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Where is Ieodo?

Legend is extracted from the book 'We're going to Ieodo ① - In search of Ieodo', written by Eunhee Kim (2001).

If you ask "Do you know Ieodo?" to people on the road in Jeju, nine out of ten might answer, "Yes, I do". Then ask them, "What is Ieodo like?" What will the answers be? They might vary from people to people.

At present, people in JeJu are picturing Ieodo in their own way no matter what folk tale first started, and what folk song contained the story. Of course, sometimes they tell Ieodo as they have been told. What is clear is that they see Ieodo in many different ways.

However, there is something strange in common among all the different recognition of Ieodo that people in Jejudo have - duality. In other words, the island gives contradictory images and impression to people: despair and hope; yearning to visit but never been there while alive; invisible but hovering around the horizon. All different things make a strange harmony.

For a long time, there had been a dream of " Ieodo" in Jeju. A dream that old people in Jeju had, who lived their lives in the land with frequent winds and many stones, and at the same time the place that women divers had always missed even during their working, that is Ieodo. The island was utopia that people in Jeju dreamed about.

Sometimes, dream may come true, and sometimes not. However, what we have to pay attention is why the people in Jeju had such dream about the island. What were their lives like at that time to make them have such a dream?

Dream is something made by both the mind desiring to avoid hard situations and in the opposite the will to overcome such harsh reality. In this context, to people in Jeju, the question "Where is Ieodo?" holds the same meaning as how they pictured Ieodo.

We can guess that Ieodo which Jeju residents pictured might display the opposite concept to their own reality of that time.

Stories on Ieodo

Once upon a time, there lived a couple in a village in Jejudo. One day the husband went out to the sea on a boat, but failed to come back. The boat struggled with wind and waves and was drifted to an island. That island was none other than Ieodo.

One folk tale says the wife also left to the island after waiting for her husband for a long time, while another folk tale says that the wife sang a song about Ieodo missing her husband. There is also a folk tale saying that Ieodo the husband arrived was the island of widows. A different folk tale says that the husband and wife all died amid their return to home.

Legend on Moseulpo recorded by a Japanese named Dakahashi

Ieodo in Legend

At the time of the 3rd year of King Chung Yeol in Goryeo Dynasty, Jeju had to pay tribute to China every year, starting from the control of the governor from Yuan until the end of Yuan. This ship for tribute departed at Moseulpo, Deajung in Northwest of Jeju bound for Sandong in North.

If the time was not known, the first son of Mr. Kang, broker of marine transport industry owned these ships for tribute, and several big ships made crossing over the ocean with tribute filled. However, one day, the tribute ships never came back.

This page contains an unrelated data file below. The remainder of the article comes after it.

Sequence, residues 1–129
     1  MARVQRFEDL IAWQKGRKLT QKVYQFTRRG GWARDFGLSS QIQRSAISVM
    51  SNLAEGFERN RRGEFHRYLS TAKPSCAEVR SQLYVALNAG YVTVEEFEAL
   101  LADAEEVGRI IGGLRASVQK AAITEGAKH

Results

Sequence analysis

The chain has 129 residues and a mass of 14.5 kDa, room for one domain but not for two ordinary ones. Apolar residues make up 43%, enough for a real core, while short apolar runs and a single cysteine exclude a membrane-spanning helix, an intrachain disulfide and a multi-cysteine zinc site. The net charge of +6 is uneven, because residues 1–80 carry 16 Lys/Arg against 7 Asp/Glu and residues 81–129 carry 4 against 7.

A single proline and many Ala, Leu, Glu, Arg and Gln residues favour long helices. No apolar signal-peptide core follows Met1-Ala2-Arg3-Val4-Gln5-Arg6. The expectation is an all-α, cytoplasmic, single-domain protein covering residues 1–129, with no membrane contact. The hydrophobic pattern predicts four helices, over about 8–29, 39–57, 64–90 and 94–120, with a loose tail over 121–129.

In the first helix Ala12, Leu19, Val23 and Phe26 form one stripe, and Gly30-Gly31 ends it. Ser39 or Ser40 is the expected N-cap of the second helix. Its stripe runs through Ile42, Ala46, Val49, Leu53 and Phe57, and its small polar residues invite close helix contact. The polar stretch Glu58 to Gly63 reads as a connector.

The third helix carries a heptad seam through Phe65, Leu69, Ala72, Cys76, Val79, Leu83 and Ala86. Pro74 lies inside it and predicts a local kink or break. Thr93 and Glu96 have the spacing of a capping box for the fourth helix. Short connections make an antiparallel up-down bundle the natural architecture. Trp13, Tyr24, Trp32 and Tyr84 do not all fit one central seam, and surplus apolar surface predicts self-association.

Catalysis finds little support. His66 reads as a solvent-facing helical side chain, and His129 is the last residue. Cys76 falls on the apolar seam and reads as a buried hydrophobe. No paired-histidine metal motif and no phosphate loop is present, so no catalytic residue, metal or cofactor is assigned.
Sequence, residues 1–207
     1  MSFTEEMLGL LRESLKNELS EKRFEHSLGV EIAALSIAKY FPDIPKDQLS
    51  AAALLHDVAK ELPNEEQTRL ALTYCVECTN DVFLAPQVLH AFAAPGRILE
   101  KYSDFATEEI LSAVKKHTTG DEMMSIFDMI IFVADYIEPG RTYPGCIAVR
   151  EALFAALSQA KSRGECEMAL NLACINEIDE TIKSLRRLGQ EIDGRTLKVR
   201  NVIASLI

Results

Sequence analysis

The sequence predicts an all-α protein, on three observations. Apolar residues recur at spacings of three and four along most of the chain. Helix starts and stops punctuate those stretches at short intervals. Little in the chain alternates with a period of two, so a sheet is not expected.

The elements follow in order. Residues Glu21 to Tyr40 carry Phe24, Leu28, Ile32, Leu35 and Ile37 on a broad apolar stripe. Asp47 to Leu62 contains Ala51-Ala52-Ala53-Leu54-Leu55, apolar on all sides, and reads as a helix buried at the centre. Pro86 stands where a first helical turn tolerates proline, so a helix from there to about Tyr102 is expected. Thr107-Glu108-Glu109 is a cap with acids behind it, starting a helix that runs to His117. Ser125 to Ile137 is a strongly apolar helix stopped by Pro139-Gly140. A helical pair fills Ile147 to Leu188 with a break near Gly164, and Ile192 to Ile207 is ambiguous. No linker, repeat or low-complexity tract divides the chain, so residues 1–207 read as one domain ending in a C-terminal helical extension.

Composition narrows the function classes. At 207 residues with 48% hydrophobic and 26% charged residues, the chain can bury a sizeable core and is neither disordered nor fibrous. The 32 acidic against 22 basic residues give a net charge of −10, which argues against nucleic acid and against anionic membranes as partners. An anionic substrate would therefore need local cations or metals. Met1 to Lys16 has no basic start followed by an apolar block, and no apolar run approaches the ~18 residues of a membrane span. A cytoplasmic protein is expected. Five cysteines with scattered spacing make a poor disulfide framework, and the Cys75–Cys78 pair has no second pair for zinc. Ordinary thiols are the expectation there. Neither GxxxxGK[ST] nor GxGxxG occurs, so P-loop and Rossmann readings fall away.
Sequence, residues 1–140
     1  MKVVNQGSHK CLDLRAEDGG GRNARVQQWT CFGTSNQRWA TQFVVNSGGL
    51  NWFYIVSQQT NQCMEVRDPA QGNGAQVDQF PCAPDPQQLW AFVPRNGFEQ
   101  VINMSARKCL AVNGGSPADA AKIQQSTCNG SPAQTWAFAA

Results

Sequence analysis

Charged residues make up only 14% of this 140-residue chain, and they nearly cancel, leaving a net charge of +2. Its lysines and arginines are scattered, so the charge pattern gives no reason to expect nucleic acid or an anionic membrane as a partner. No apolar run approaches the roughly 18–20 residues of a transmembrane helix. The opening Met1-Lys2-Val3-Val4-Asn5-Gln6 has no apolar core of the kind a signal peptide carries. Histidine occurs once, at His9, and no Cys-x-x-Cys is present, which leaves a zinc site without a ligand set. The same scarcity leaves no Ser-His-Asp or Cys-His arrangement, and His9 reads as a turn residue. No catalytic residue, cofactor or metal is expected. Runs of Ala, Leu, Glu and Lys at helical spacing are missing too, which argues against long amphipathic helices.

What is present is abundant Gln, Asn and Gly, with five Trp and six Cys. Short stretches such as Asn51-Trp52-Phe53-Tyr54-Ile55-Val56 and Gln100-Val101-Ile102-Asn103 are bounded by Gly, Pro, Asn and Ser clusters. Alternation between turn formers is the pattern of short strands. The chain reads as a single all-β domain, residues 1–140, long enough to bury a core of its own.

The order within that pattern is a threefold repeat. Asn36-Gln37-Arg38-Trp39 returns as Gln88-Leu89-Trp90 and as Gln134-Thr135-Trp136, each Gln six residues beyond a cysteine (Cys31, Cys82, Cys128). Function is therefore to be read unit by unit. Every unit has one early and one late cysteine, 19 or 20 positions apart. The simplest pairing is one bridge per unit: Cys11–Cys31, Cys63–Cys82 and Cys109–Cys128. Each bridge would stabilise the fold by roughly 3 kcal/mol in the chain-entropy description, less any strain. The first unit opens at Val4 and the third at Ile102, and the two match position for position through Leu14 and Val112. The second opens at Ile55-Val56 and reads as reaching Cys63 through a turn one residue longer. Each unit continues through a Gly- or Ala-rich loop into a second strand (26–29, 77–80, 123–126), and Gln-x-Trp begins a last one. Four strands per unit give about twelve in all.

Mr. Kang had an old wife. As she couldn't cope with her sadness, she wrote and sang a song which began and ended with "Ah, Ah, Ieodoo ya, Ieodo. Its melody was terribly sad.

Legend from Jocheon recorded by Seong-gi Jin

On that night, the moon was crescent, but was exceptionally bright. Dongji Go called his wife's name more than 100 times, wandering around the seashore and looking at the far-off horizon. Whenever the moon was bright, he missed her more and more, then he would come to the seashore. The sea sang a gentle melody, so he also sang a song sadly, consoling himself to the tune of waves.

The song went that "Ieodo" is in the half way to Kangnam, so please call him. People on Ieodo gathered together to listen to his song, and many women sympathized him. There were many women sobbing after listening to his song. After a while, there was nobody who didn't know the song of "Ieodo"

Luckily, Dongji Go ran into a Chinese merchant ship, and came back home with the help of the ship. At that time, a woman on the Island followed him to come to Jeju. Home towners who had thought that he would die of the storm, welcomed him and threw a party to see him back alive. They all made a happy home as one family.

The woman following Dongji Go from 'Ieodo' was called Yeodot Grandma(grandmother of Ieodo) by villagers and was worshiped as goddess of the village after passing away. "Janggwidong High Place in Jochunri is the very altar for her.

Legend from Donggimnyeongri recorded by Yongjun Hyun and Yeongdon Kim

Once upon a time, there lived a husband in one village, who abandoned his wife and lived a happy life with his concubine on the uninhabited Island of Ieodo. The wife who had lost her husband lived with her father-in-law, however one day, she asked him a favor.

“Father, could you make a boat for me?”
“What for?”
“I want to go find my husband.”
The father-in-law made a boat of wood from the high ground of Seonhall, in order to fulfill his daughter-in-law's wish. One sunny day, she left to Ieodo with her father-in-law, where her husband lived. The way to Ieodo was far and hard.

She reached Ieodo with difficulty, singing a boating song of 'Ieodossana, 'Ieodossana" and rowing the boat. Her husband really lived a happy life with his new wife.

When her husband was persuaded by his father and the wife, he couldn't help but go back to his home town with his family. When the family was nearing toward the hometown, the sudden storm hit them and all the family couldn't survive.

After that, villagers performed sacrificial rite, like a religious service for the god of the mountain, feeling pity for the family who died in the storm.

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